How a bill becomes a law
A few weeks ago I wrote about wanting to hear your locally grown ideas and I thought I would take the time to let you know the process your ideas go through in order to become law. With the summer months behind us and Organization Day just around the corner, I thought it would be the perfect time. I’ve received some great input for Locally Grown Ideas and I am looking forward to hearing more.
The legislative process all begins when constituents, like you, bring up issues to their legislators: our job is to hear your ideas and implement them as laws to make Indiana a better place to live, raise our children and run our businesses. Once legislators draft their bills, they will introduce them to either the House or Senate.
After the bill is introduced to the House or Senate, it will be heard on a first reading and then assigned to a committee. Committee hearings are especially important because it gives members the opportunity to discuss the bill and hear public testimony. After hearing public testimony, we may add amendments to further address issues or concerns that were addressed during. To decide whether the bill should be moved to the full House or Senate, the committee members cast a vote.
The second reading is heard by the legislative body, which allows any representative, regardless of party affiliation, an opportunity to amend the bill. Each amendment is voted up or down if the legislator decides to bring their amendment to the floor. The third reading is where the bill in its entirety (including any amendments that were added during the second reading) is voted on by the full chamber. Once passed, the bill switches chambers, giving either the House or Senate to go through the same exact process in order to better the bill.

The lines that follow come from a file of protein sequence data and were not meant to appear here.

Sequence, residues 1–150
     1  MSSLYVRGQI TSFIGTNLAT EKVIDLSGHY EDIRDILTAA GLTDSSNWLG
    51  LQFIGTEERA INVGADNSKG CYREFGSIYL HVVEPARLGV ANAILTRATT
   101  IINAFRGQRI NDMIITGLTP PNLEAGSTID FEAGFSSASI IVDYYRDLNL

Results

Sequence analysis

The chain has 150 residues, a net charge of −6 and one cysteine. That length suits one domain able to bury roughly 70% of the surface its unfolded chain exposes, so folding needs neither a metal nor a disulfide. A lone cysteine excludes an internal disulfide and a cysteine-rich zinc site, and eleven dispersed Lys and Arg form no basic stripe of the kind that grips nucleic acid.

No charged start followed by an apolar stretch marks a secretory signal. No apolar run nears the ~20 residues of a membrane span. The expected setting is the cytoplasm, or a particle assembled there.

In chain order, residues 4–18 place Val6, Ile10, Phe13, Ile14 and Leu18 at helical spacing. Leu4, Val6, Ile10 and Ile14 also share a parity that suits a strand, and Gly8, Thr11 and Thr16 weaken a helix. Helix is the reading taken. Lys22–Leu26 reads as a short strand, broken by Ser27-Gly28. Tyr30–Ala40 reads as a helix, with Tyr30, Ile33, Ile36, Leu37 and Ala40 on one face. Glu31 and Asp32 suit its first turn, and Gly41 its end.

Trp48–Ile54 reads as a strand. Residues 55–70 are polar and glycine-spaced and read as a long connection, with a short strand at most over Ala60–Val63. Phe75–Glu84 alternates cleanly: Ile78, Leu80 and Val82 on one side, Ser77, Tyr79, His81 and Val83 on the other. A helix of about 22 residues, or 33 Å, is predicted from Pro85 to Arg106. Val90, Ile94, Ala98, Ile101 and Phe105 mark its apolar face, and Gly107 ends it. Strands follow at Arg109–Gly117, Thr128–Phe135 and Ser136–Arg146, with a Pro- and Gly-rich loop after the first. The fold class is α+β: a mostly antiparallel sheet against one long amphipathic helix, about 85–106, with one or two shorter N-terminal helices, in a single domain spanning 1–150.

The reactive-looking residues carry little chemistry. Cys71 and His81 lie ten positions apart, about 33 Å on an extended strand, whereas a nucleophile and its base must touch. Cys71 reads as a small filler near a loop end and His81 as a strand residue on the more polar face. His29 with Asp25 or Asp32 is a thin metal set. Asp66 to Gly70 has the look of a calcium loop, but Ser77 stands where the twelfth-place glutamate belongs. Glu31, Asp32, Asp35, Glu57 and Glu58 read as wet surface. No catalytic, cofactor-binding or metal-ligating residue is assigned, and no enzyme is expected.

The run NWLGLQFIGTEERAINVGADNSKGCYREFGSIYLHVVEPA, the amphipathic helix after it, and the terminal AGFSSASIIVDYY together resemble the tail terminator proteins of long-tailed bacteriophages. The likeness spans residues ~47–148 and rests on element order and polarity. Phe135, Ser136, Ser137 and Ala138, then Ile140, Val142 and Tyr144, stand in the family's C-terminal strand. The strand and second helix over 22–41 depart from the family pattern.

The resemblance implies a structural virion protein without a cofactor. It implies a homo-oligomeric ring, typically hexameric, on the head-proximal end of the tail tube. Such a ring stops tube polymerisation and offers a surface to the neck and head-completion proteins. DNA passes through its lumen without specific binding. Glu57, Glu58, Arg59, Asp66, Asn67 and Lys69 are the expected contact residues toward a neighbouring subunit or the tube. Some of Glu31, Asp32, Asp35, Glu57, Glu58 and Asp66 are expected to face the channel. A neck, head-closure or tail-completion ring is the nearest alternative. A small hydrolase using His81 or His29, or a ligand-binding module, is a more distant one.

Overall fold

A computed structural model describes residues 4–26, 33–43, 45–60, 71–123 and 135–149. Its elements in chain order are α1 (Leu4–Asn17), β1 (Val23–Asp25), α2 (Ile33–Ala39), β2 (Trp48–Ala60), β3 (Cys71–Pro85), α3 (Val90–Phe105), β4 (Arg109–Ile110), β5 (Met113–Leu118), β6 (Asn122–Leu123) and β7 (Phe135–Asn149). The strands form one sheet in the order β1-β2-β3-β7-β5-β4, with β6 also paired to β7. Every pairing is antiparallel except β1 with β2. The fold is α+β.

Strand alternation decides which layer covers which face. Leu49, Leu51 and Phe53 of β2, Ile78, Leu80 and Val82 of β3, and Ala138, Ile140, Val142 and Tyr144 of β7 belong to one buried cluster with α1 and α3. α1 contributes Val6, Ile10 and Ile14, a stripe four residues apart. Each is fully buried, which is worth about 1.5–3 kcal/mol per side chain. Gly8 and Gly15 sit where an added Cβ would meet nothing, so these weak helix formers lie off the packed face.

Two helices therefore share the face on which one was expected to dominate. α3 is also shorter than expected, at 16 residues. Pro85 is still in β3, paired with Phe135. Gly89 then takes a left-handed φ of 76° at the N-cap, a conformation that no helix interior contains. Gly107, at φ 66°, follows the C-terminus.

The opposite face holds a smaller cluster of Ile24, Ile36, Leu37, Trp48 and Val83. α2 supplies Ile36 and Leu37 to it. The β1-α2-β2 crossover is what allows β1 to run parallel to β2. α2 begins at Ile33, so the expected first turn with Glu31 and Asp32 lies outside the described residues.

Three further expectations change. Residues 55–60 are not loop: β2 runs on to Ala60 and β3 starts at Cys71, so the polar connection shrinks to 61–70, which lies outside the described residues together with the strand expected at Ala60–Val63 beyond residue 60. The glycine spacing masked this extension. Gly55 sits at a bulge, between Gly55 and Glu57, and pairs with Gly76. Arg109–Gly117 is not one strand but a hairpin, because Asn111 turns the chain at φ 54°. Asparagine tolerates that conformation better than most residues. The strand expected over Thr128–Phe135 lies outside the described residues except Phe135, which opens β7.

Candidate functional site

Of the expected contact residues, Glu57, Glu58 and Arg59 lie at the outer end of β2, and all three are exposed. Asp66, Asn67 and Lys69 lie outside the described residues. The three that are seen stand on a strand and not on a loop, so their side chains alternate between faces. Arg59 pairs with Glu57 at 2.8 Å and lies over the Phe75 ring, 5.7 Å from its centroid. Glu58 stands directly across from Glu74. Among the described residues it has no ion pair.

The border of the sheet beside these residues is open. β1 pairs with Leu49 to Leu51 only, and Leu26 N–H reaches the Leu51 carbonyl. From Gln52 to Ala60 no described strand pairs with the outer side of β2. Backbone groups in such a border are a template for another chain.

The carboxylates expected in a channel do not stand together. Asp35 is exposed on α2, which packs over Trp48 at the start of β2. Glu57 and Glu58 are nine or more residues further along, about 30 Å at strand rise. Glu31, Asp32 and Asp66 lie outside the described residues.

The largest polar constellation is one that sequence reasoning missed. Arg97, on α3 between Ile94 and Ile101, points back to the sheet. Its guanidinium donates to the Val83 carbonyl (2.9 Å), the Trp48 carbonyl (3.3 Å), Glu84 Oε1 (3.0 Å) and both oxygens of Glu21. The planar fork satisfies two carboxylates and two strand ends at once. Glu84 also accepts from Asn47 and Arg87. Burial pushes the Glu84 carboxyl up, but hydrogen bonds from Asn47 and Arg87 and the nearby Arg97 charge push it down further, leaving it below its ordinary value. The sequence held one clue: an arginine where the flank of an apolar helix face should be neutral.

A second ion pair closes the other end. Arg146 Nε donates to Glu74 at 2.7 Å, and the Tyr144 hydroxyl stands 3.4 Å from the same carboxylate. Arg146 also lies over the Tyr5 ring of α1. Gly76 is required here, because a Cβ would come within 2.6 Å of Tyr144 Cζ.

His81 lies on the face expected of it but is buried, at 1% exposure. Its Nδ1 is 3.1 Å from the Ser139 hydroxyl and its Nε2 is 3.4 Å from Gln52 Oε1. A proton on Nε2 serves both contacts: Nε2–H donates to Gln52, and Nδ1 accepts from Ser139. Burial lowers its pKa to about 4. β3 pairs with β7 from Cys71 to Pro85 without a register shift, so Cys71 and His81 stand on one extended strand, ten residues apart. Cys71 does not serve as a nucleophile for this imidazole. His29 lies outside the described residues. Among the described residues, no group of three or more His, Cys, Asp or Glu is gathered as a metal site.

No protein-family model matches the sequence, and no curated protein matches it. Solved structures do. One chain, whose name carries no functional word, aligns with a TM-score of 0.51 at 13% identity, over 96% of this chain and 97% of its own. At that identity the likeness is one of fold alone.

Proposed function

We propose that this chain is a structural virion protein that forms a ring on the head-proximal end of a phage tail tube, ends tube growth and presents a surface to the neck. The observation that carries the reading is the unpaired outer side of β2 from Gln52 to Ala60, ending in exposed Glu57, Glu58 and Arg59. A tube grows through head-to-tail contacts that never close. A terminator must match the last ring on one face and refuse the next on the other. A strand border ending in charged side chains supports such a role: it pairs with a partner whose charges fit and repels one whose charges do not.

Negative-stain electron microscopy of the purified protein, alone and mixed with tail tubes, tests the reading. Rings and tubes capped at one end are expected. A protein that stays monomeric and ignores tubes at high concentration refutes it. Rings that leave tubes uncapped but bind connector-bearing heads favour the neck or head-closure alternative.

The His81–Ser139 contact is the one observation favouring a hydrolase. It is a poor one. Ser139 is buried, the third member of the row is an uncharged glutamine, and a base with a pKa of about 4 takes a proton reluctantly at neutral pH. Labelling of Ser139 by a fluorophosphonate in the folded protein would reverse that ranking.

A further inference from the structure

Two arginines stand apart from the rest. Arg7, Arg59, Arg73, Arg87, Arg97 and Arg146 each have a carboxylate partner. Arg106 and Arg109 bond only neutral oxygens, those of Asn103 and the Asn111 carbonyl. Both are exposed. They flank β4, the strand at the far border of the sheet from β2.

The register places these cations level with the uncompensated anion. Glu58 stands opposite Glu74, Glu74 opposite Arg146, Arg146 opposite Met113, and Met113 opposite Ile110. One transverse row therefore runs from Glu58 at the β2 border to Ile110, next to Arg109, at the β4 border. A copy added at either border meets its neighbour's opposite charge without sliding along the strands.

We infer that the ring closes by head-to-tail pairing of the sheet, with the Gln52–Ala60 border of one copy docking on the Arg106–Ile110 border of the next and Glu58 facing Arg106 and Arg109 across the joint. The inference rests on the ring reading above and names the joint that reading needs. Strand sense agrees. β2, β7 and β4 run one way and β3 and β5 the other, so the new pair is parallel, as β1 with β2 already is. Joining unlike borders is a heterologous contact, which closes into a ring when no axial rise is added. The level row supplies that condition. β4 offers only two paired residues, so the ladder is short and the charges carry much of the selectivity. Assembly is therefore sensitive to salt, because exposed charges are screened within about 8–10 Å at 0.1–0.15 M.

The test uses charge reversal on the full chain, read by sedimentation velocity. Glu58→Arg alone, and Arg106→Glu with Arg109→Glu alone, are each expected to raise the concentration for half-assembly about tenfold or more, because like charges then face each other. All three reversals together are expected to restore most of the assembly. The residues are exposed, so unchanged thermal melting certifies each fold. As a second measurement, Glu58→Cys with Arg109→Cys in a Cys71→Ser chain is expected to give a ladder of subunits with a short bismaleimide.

A number of things can happen after the bill is heard, and passed, by both chambers. If no changes were made, the bill goes to the Governor’s desk for signing. In the instance that the bill was amended in the second chamber, it must go back to the chamber of origin for the amendments to be voted on. If the changes are approved, it will go to the Governor’s desk for signing.
Given the instance that the original chamber does not pass the amendments, it will be sent to a conference committee. These committees are made up of four legislators, two from each chamber. They will work together to find a common ground. Both chambers will vote on said changes. If both chambers approve, then the bill moves to the Governor’s desk. If both chambers do not, the bill will be killed.
Once the Governor gets the bill, he can sign it into law, veto the bill or do nothing. If he vetoes the bill, legislators have the ability to override a veto with a majority vote from both chambers. If the Governor does nothing, the bill will become a law in seven days.
I am looking forward to going through this process in just a few months with some of your ideas. Aiding the issues of my constituents is my priority and I pledge to do my best.